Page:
Encore is thrilled to announce AARP as a 10th Anniversary Presenting Sponsor. This sponsorship will support our anniversary year celebrations and provide resources for us to offer a once-in-a-lifetime performance opportunity on the stage of DAR Constitution Hall on May 13, 2017! We are so grateful for this partnership for many reasons. AARP’s financial support will contribute to our annual operating costs, tuition scholarships, professional conductor fees, equipment costs, and staffing. Most importantly, this sponsorship ensures that Encore will continue to provide free concerts to the community. ARRP advocates new discoveries and new possibilities at any age -- in perfect sync with Encore's mission to provide an excellent and artistic environment to older adults. Thank you to AARP and to all of our singers and friends of Encore for your continued support.
AARP shared this article about our exciting new partnership.
AARP’s Article on “Disrupt Aging”
For Encore Creativity
AARP congratulates Encore Creativity for Older Adults on its ten-year anniversary. We also salute all Encore singers and supporters for having joined the ranks of what we call “age disruptors.” Who are “age disruptors?” They are people who embrace aging as a part of life to look forward to, rather than something to fear, and begin to discover the real possibilities of living the life they have always wanted. And, they inspire others to believe that they, too, can age with independence, dignity and purpose. In other words, they are people like you.
Under the leadership of CEO Jo Ann Jenkins, AARP has adopted “Disrupt Aging” as a rallying cry for all of us to challenge outdated beliefs and spark new solutions that give more people the ability to choose how they live and age.
The late Dr. Gene Cohen, the world-renowned psychiatrist (and the first director of the National Institute on Aging) who inspired Jeanne Kelly to create Encore, observed that age offers countless opportunities for growth, development, and creativity. He noted that there are certain qualities of life that emerge only after much of our lives have been lived – our intelligence, knowledge, emotional growth, and life experiences which, combined, we know as “wisdom.” Age and life experience also give us a clearer perspective of what’s important in life.
For you, music clearly is important. That says a lot. Karl Paulnack, former Chair of the Music Department of the Boston Conservatory, hit the mark when he expressed the view that music is no less than a basic need of human survival. It’s one of the ways we make sense of our lives, a way we express our feelings when we have no words, a way to help us understand things with our hearts that we can’t with our minds, a way for us to say “I am alive and my life has meaning.” Organizations like Encore provide opportunities for people 50 and older to learn, to find their purpose in life and to serve people in their communities while pursuing their passion and sharing their talents. This is an important contribution to society because it helps people stay healthy and engaged. Studies have shown that people with purpose have a 71 percent reduced risk of stroke, a third fewer doctor visits and nearly two-thirds fewer overnight stays in the hospital. Overall, they are happier, more engaged and less likely to become isolated and suffer from loneliness.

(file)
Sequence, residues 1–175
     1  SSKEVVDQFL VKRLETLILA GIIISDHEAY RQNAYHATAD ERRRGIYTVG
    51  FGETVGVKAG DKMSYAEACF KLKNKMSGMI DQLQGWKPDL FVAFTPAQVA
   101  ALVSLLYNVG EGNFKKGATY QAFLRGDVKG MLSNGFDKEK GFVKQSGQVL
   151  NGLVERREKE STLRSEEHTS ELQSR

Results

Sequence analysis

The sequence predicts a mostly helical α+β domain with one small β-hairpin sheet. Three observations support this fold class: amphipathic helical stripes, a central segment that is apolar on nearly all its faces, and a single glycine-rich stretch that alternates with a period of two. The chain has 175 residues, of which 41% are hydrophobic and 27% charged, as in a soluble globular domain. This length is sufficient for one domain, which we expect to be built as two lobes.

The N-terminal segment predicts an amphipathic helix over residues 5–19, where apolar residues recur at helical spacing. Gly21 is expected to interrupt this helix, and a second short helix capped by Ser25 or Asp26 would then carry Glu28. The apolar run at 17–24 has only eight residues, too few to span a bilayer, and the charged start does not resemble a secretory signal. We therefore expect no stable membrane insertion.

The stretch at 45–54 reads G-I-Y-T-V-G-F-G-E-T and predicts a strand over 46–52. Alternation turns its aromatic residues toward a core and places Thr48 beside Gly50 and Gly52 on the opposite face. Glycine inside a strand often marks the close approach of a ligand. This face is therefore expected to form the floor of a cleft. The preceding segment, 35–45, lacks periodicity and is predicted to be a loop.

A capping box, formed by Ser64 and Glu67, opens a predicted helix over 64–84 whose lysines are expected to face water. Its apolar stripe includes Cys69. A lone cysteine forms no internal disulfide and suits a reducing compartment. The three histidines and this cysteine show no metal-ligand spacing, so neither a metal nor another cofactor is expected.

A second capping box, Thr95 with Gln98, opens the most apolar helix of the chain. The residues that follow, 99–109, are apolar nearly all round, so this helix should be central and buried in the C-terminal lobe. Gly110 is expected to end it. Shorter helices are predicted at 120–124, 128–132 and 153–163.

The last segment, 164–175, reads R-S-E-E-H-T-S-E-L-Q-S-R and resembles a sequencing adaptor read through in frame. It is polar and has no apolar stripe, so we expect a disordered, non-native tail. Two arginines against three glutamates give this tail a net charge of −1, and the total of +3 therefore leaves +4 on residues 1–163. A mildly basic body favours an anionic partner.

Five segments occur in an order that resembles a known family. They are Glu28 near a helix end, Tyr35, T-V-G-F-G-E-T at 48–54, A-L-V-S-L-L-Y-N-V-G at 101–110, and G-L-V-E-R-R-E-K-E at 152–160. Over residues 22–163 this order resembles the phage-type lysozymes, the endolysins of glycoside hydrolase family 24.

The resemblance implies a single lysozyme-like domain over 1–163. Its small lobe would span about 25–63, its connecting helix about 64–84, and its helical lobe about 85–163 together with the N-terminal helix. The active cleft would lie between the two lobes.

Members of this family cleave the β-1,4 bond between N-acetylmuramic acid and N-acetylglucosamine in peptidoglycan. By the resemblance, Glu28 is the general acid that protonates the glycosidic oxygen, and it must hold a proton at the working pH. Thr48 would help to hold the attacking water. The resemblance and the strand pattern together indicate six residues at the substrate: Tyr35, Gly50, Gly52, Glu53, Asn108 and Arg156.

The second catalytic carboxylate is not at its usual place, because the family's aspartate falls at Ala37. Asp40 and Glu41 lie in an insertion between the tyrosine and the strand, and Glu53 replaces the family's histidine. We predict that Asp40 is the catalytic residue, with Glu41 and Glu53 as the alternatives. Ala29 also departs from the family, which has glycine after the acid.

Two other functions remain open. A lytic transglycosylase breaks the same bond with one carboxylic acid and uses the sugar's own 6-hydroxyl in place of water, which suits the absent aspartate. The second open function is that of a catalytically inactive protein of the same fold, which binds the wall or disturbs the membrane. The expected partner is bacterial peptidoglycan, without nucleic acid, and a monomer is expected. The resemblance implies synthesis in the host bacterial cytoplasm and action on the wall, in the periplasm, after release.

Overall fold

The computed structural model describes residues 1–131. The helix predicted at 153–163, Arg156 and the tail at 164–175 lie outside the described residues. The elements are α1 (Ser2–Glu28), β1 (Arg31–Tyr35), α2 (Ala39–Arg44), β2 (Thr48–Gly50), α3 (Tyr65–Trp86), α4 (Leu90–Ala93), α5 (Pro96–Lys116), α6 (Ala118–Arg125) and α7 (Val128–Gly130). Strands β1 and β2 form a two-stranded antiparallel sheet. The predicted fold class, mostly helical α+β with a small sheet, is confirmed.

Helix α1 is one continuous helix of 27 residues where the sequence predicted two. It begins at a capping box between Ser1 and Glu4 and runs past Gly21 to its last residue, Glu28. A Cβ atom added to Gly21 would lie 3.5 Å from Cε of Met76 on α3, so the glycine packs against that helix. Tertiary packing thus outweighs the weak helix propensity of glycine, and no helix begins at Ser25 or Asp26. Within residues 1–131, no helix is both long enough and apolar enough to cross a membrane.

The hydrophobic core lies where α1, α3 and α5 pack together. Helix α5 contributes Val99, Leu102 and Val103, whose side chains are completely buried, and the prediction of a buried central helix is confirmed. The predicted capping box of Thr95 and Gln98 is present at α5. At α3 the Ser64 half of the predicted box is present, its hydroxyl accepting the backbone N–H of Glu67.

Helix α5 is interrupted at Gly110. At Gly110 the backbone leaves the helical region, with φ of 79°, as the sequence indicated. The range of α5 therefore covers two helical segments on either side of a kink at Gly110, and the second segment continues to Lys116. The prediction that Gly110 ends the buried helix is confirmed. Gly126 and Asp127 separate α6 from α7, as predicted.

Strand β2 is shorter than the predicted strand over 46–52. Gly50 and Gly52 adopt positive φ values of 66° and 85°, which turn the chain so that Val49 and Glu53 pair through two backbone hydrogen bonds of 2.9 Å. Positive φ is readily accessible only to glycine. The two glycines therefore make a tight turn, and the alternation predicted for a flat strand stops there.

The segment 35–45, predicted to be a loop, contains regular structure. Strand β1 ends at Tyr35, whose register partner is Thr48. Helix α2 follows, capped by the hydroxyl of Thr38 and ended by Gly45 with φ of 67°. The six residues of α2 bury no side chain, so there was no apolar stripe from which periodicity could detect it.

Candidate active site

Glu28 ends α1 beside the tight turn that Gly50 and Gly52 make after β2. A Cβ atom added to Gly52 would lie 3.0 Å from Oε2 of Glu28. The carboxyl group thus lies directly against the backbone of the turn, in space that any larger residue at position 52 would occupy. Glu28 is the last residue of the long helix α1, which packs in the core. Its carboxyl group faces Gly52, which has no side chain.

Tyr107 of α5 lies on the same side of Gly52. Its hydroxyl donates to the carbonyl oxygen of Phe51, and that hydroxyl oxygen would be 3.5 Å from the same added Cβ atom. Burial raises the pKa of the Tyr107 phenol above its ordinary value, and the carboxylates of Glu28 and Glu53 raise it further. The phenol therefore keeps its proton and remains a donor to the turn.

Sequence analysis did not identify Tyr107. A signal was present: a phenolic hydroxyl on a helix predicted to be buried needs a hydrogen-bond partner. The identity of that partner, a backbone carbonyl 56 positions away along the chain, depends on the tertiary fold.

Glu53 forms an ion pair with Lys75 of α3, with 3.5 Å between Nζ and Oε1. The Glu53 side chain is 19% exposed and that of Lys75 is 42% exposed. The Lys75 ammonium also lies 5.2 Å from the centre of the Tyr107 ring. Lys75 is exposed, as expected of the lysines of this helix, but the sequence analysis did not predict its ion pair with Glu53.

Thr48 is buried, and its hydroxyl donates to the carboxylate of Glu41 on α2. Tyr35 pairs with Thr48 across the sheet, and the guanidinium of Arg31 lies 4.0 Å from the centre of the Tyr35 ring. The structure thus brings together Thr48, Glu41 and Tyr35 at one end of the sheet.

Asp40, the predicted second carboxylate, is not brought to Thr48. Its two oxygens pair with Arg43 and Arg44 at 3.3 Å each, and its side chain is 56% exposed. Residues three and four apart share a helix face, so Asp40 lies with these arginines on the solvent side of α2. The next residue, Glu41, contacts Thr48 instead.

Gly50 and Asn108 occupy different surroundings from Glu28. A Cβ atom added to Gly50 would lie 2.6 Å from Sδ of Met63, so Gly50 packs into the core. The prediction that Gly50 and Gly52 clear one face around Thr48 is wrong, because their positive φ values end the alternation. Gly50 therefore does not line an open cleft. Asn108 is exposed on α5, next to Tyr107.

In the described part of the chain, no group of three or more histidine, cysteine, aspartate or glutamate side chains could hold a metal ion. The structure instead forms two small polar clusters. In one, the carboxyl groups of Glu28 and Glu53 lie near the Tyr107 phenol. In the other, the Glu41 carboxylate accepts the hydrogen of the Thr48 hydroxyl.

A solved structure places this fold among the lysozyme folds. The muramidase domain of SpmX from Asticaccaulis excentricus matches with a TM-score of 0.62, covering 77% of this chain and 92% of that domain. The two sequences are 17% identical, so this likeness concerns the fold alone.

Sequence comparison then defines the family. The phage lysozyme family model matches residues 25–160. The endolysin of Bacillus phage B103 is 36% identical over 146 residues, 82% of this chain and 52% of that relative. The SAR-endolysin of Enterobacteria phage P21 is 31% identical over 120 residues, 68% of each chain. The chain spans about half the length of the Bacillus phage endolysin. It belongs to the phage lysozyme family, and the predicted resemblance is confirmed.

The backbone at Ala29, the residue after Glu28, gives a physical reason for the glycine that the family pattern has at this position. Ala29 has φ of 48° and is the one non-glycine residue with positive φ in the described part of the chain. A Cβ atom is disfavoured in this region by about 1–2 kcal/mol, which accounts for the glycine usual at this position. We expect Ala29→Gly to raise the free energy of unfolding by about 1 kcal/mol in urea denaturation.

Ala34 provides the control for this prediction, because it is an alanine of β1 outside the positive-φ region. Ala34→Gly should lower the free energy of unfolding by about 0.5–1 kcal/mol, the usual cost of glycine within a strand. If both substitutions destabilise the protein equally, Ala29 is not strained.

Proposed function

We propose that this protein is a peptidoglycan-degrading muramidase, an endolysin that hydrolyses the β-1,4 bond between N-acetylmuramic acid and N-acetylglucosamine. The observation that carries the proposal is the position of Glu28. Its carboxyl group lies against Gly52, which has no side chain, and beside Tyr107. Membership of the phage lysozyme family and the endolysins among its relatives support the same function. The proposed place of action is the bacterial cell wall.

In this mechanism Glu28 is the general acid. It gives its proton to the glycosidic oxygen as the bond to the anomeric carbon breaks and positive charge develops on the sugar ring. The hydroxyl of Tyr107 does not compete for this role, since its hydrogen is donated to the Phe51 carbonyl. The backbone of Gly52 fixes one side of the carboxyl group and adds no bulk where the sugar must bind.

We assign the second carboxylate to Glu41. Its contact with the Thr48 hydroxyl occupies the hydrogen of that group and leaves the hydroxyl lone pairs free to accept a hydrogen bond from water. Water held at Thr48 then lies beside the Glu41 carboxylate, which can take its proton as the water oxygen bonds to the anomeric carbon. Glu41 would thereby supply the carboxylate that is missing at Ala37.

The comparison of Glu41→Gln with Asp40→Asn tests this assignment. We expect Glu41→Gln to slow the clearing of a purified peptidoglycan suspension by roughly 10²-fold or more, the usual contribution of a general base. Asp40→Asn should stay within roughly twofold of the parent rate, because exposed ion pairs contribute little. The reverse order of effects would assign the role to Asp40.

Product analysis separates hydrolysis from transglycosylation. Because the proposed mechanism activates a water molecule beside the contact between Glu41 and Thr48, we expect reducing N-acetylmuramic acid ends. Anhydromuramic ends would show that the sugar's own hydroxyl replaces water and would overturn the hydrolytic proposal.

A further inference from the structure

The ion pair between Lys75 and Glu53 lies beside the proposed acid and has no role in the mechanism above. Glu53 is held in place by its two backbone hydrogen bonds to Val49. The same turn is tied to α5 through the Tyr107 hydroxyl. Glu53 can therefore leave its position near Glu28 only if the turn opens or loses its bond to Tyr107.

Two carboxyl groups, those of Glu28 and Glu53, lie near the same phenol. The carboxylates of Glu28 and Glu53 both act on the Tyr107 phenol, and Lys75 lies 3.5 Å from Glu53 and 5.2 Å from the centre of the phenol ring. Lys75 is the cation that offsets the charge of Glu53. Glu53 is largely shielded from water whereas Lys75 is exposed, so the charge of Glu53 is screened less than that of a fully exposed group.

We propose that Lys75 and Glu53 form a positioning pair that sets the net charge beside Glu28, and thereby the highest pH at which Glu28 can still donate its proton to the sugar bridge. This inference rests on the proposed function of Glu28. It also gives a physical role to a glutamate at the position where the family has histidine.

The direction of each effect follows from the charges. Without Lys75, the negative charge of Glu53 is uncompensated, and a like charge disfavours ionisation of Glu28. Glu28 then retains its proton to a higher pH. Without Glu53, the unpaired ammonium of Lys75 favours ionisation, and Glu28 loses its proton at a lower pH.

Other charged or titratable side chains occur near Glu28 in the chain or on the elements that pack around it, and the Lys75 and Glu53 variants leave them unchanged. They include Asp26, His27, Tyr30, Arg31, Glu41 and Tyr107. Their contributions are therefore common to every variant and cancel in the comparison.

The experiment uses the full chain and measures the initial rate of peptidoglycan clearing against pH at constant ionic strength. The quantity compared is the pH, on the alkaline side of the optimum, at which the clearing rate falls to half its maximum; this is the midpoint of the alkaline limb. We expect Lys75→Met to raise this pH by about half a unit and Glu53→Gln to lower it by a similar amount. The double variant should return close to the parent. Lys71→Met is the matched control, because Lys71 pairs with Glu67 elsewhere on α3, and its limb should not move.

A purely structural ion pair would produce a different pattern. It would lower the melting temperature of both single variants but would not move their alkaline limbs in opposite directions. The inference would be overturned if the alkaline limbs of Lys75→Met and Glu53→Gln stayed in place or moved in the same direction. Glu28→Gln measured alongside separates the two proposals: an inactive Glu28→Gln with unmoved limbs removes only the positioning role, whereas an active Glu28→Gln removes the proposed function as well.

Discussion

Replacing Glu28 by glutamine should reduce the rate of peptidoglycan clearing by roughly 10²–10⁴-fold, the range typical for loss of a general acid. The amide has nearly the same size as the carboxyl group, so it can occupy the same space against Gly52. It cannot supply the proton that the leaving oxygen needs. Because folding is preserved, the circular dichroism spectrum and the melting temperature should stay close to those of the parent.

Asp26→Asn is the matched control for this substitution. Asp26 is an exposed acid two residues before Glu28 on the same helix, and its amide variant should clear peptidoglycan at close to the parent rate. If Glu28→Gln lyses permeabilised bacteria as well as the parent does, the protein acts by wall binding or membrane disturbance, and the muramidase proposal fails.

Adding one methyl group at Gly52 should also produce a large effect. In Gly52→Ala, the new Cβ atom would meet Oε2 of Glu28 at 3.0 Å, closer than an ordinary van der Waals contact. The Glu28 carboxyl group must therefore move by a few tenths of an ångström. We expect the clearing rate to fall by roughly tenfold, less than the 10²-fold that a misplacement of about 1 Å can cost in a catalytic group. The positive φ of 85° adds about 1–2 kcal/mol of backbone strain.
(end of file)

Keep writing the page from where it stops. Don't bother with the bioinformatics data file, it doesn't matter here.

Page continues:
Today, as people tend to live longer and generally in better health, they seek programs like Encore that provide opportunities for continued productivity and growth that our parents and the generations before them never dreamed about. As participants in Encore you are demonstrating that aging can be something to look forward to, not something to fear. You show others in your communities that it is a period of growth, not decline. You recognize the opportunities of aging, not just the challenges. And perhaps most importantly, you show the world that as we all grow older, we can continue to be contributors to society, not burdens.
This is the message of AARP CEO Jo Ann Jenkins’ book, Disrupt Aging: A Bold New Path to Living Your Best Life at Every Age. But in her book, Jenkins also points out that while there are millions of people like you creating and living a new reality of aging, many of our beliefs and perceptions of aging have not changed, nor have our solutions for supporting people as they age.
As she writes: “We must change the conversation in this country about what it means to grow older. We have to challenge outdated stereotypes and attitudes and spark new solutions so more people can choose how they want to live and age.” That’s what Jeanne Kelly did when she started Encore Creativity for Older Adults (sparked by Dr. Gene Cohen) ten years ago.
As Encore singers, I’m happy to say that you are part of this growing movement to Disrupt Aging—to create a new mindset around growing older. With more than 10,000 people turning 65 every day—a trend that will last for the next 13 years—this is an exciting time. Disrupt Aging is not just about older people. It affects people of all generations and people of all generations must get involved to make it happen.
Congratulations on ten years of providing opportunities for people 55 and over to explore their creativity and fulfill their passion and purpose through music. You’re not only helping to change the conversation about aging, you’re adding a new soundtrack to the later years of our lives.
Please be sure to follow the movement to Disrupt Aging at www.aarp.org/DisruptAging.